232038 Scaling Up Health and Development in China--From Model Counties to Tibet using SEED-SCALE

Tuesday, November 9, 2010 : 11:00 AM - 11:20 AM

Henry Gordon Taylor, MD, MPH , Department of Health Policy and Management, Johns Hopkins School of Public Health, Baltimore, MD
Daniel Taylor, PhD , Future Generations, Franklin, WV
Carl E. Taylor, MD, DrPH , International Health, Johns Hopkins Univ. School of Public Health, Baltimore, MD
From 1980 to 1995 a pilot program in localized health care expanded from an initial population of four million in ten counties of China to a population of 160 million in 400 counties. Then based on this experience, an extension of this project, adapting key ideas into the SEED-SCALE methodology, applied the scaling up approach in the Tibet Autonomous Region of China. In Tibet the focus was on engaging a synergy between health and nature conservation. Two geographic areas were concentrated on; the six million acres Mount Everest Nature Preserve and the forty million acre Four Great Rivers Ecosystem Project. In both the Model Counties and the Tibet applications the principles central to both project extension and sustainability were engaging partnerships with local governance and adapting the service design to local realities. This resulted in local governance groups providing resources to the projects and augmented their extension and sustainability. Additionally, expanding project scope beyond a strict health care focus also contributed to local engagement.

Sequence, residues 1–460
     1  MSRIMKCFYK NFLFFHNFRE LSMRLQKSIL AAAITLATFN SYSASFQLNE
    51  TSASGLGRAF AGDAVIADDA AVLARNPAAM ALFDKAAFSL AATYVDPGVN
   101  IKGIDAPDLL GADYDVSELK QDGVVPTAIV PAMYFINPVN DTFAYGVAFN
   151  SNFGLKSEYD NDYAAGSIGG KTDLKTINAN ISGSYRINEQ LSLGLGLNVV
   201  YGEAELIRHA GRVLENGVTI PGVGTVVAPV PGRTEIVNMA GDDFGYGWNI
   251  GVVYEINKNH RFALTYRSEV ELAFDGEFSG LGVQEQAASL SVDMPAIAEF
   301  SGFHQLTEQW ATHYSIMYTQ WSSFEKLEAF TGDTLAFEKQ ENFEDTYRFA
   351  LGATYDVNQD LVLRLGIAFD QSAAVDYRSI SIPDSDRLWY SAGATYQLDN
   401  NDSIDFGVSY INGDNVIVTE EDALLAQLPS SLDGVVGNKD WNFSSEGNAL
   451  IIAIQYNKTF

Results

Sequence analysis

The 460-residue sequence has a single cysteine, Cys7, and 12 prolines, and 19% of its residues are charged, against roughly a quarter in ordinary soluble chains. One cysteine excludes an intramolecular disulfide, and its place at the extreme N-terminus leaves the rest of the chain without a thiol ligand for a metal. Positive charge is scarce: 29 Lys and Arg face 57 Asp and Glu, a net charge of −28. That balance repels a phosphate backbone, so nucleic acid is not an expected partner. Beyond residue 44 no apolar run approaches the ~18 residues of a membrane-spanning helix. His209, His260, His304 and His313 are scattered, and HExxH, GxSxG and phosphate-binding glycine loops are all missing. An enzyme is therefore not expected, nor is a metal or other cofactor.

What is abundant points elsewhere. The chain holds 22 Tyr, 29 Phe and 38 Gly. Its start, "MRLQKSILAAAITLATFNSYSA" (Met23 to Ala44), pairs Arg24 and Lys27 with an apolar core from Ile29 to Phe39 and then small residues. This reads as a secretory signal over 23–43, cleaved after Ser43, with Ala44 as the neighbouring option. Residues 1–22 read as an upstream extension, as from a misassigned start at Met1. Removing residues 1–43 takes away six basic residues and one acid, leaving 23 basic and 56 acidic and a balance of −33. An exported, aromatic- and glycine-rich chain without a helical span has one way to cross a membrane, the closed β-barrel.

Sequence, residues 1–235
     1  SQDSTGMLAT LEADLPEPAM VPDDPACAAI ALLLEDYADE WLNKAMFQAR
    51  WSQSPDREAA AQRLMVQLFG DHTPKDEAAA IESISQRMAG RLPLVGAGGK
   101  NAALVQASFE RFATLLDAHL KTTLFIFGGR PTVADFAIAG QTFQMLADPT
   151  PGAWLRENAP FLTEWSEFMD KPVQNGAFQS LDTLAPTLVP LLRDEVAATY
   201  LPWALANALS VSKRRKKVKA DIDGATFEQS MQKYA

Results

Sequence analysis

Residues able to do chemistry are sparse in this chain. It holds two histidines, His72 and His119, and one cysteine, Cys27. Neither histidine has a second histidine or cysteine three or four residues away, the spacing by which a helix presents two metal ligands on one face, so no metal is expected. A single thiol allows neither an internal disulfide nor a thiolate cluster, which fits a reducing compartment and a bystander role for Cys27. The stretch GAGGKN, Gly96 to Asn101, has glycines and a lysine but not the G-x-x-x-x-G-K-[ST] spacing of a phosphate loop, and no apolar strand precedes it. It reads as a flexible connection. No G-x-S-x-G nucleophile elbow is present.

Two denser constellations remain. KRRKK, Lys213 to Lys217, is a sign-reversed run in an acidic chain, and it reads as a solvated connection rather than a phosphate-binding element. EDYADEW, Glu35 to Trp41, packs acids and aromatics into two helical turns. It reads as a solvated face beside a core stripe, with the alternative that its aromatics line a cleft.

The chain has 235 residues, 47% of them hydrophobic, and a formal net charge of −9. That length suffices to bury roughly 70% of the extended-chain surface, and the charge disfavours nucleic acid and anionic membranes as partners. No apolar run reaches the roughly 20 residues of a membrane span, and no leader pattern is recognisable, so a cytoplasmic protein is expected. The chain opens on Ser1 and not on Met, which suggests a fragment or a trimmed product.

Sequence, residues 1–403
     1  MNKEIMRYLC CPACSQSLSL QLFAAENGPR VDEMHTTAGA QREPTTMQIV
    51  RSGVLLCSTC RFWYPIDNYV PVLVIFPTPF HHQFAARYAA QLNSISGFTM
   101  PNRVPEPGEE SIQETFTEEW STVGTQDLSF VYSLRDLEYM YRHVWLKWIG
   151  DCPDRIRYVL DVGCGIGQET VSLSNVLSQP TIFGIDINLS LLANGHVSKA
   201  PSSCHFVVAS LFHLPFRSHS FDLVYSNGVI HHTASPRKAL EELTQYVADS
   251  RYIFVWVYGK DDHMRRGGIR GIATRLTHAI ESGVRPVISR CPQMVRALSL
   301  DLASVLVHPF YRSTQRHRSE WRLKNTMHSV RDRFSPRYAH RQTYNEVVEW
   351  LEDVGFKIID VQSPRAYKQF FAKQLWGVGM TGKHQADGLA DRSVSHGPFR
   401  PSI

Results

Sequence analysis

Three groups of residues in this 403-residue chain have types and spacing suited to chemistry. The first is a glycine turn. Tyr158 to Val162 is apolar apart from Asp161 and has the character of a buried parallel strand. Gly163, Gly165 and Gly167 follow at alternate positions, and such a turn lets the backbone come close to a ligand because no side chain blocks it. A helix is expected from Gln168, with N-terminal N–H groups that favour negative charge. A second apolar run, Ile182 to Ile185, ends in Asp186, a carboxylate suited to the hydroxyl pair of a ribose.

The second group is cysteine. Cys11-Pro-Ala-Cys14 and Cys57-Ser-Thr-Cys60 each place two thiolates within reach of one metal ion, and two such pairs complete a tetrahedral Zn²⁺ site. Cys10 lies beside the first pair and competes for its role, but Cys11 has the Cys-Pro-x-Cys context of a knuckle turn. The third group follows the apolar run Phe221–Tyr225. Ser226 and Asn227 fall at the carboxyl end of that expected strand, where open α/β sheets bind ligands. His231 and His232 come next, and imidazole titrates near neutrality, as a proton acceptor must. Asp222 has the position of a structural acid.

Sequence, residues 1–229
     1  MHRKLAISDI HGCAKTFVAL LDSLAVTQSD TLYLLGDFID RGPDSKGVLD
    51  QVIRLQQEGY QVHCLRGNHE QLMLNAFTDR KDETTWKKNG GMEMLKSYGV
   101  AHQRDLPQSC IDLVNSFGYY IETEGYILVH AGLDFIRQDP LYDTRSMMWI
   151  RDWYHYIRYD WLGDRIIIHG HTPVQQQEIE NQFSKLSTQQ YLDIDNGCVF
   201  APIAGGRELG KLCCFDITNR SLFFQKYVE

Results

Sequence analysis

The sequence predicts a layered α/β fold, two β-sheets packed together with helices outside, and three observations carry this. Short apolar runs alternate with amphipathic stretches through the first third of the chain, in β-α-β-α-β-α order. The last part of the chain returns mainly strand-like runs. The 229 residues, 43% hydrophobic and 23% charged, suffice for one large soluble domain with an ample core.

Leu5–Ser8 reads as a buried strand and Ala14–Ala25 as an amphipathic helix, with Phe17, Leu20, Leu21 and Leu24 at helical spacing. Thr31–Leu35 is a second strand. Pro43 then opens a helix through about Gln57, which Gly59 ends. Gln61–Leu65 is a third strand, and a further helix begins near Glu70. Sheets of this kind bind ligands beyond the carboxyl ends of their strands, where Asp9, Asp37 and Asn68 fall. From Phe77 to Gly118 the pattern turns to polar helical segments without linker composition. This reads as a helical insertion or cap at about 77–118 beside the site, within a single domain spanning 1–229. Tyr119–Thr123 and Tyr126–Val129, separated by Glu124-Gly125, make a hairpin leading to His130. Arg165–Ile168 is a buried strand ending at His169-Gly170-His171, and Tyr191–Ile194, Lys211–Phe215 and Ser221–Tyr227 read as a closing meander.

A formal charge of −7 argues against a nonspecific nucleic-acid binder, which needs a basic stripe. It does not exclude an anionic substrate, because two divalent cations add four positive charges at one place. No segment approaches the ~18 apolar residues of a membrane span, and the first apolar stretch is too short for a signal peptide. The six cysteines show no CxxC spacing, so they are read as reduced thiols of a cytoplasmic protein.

Learning Areas:
Systems thinking models (conceptual and theoretical models), applications related to public health

Learning Objectives:
Explain how the challenge of scaling up health care remains one of the most important goals before health delivery worldwide. Identify how a program can scale up by adapting to local conditions and engaging local funding using principles of the SEED-SCALE Methodology

Keywords: Community-Based Partnership, International Health

Presenting author's disclosure statement:

Qualified on the content I am responsible for because: I was involved with monitoring and evaluation of this project
Any relevant financial relationships? No

I agree to comply with the American Public Health Association Conflict of Interest and Commercial Support Guidelines, and to disclose to the participants any off-label or experimental uses of a commercial product or service discussed in my presentation.